Lagos State becomes the first sub-national government to activate the framework for the unlocking of the $1 trillion Nigerian Green Bond Market Development Programme to finance key infrastructure projects.
On Tuesday, Governor Babajide Sanwo-Olu signed a Memorandum of Understanding (MoU) with FMDQ Group and Financial Sector Deepening (FSD) Africa, which are the programme’s implementing partners on the proposed N25 billion (over $60 million) financing.
The historic event, held at the State House in Marina, came less than 24 hours after Lagos was upgraded to AAA(nga) rating from AA+(nga) by Fitch International for the State’s good standing on debt sustainability and resilience.
Sanwo-Olu said the green bond programme, which is supported by the UK Agency for International Development (UK Aid), would raise the capacity of the State Government to deliver more key infrastructure and social projects that would keep Lagos on the path of prosperity.
Launched in 2018, the Green Bond Market Development Programme is to facilitate the development of a green bond market to support broader debt capital markets reforms that will impact the sovereign and non-sovereign bond markets in the country.
The programme is to empower State Governments to champion sustainable finance for development.
Sanwo-Olu said the MoU was the crucial first step being taken by Lagos towards creating viable financing options for future green and sustainability projects. The funding opportunity, he said, will advance the adoption of innovation and technologies to provide green jobs, thereby promoting economic and climate resiliency.
He said: “As a Government, we are committed to utilising our limited resources more efficiently to create a circular economy, which is a promising and viable alternative. Public spending and investments may not be enough to deliver our key objectives; therefore, the need to tap into more private investments for the transition to a zero-waste and circular economy, as well as achieving crucial items of the Sustainable Development Goals (SDGs).
“I strongly believe that the Green Bond programme will open the doors of deeply sustainable funds for infrastructure and social development for Lagos. Being the biggest player in the sub-national capital market, Lagos’ experience can open new doors for a lot of others. As a State, we embrace the transparency and commitment that comes with a Green Finance framework. We believe it sends an important signal to investors in the market about who we are: a State that is fiscally responsible, prudent and disciplined.”
Sanwo-Olu said Lagos’ credentials in investment sustainability made the State take the bold step to activate the framework to benefit from the programme.
He said the initiative would go a long way in ensuring that key deliverables in his administration’s T.H.E.M.E.S agenda are actualised while pledging that the State would continue to blaze the trail of leadership, financial accountability, innovation and sustainability.
Special Adviser to the Governor on SDGs and Investment, Solape Hammond, said the journey to get the framework approved started last year, disclosing that the MoU highlighted key projects to be delivered by the State Government to actualise economic sustainability.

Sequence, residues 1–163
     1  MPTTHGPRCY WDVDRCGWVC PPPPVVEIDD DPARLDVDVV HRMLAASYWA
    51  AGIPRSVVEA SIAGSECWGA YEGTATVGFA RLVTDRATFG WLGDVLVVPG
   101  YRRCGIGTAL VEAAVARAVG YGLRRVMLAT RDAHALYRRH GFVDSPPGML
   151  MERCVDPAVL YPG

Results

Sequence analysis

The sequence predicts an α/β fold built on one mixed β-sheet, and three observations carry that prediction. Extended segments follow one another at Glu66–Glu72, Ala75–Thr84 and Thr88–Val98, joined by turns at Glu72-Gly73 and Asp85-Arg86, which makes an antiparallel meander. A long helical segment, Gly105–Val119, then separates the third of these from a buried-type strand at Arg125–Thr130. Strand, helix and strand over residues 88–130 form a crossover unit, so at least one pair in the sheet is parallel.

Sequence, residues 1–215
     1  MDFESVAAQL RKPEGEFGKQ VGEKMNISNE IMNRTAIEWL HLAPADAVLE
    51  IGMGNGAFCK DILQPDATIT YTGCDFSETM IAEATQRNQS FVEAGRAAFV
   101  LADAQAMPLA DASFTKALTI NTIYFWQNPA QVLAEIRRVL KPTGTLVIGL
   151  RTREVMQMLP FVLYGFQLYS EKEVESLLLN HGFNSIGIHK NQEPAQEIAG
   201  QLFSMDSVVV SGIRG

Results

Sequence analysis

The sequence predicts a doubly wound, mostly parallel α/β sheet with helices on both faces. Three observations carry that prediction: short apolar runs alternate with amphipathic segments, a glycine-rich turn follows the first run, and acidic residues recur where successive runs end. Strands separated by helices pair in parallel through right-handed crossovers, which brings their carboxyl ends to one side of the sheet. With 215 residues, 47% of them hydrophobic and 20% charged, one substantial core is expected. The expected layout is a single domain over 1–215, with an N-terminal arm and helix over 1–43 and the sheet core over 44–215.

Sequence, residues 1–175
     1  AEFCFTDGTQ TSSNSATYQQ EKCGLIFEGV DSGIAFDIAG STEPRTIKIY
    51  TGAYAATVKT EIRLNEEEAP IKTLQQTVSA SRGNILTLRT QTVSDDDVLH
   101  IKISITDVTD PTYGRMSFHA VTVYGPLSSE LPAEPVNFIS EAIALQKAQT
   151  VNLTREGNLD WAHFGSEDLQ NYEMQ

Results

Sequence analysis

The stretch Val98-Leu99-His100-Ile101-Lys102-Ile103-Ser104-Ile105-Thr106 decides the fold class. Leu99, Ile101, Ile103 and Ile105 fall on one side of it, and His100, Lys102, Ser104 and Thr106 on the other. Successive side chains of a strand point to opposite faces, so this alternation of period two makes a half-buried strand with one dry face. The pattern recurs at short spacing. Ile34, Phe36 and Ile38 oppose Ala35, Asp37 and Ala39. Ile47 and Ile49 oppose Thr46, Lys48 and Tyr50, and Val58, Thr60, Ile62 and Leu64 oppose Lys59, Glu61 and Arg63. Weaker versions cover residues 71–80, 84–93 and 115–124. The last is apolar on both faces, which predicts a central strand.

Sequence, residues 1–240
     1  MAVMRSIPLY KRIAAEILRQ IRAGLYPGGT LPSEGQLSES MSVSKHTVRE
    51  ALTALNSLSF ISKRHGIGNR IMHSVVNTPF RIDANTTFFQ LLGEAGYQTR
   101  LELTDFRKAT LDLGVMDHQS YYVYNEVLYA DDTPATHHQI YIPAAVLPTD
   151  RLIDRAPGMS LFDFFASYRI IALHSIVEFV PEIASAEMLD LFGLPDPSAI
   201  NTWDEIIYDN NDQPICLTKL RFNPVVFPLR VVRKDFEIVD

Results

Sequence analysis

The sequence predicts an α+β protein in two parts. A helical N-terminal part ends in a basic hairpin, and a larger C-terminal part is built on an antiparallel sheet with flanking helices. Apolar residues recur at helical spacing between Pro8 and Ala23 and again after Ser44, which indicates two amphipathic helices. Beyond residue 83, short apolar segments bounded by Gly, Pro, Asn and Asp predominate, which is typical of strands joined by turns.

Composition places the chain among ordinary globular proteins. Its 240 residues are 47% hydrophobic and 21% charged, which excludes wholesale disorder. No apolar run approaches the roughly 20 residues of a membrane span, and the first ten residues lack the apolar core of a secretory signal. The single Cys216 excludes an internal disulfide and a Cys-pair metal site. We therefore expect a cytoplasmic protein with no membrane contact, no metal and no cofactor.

She said the finance would be invested in green projects, adding the implementing partners had created a mechanism to ensure funds earmarked were disbursed judiciously.
Commissioner for Finance, Dr Rabiu Olowo, said Lagos had 20 years of experience in raising bonds, assuring implementing partners and capital market operators of the State’s commitment to the terms highlighted in the framework.
Chief Executive Officer of FMDQ Group, Bola Onadele, said Lagos had built a reputation and “incredible potential” for catalysing broad-based sustainable development, which explained the partners’ readiness to support the State in unlocking the capital to fund key projects.
He said: “ I have no doubt that the implementation of this MoU and the impact thereof will ensure that Lagos continues to set itself apart, support its developmental aspirations and highlight its sustainability efforts at the global green and sustainable financial ecosystem. We are excited about this opportunity to support the developmental aspirations of Lagos.”
Also, FSD Africa CEO, Mark Napier, saluted the Governor’s energy and his commitment towards providing infrastructure which future generations can rely on.
He said: “It’s truly a significant event that the economic powerhouse of Africa’s largest economy is signing the green bond investment and I can say this is leadership being demonstrated by the Lagos State Government. I expect other States to follow this path.”
The high point was the signing of the MoU by all parties under the supervision of the State Attorney General and Commissioner for Justice, Moyo Onigbanjo, SAN and witnessed by the British Deputy High Commissioner, Ben Llewelly-Jones.
Federal Government Halts Cooking Gas Export to Lower Local Prices
In a bid to stabilize domestic prices and meet rising demand for cooking gas within Nigeria, the Federal Government has announced a temporary halt on the exportation of Liquefied Petroleum Gas (LPG), commonly known as cooking gas.
This decision follows a significant surge in the cost of cooking gas, which has placed a strain on consumers across the country.
According to reports, the halt in LPG export aims to increase the availability of the commodity within Nigeria’s borders, thereby reducing its local price.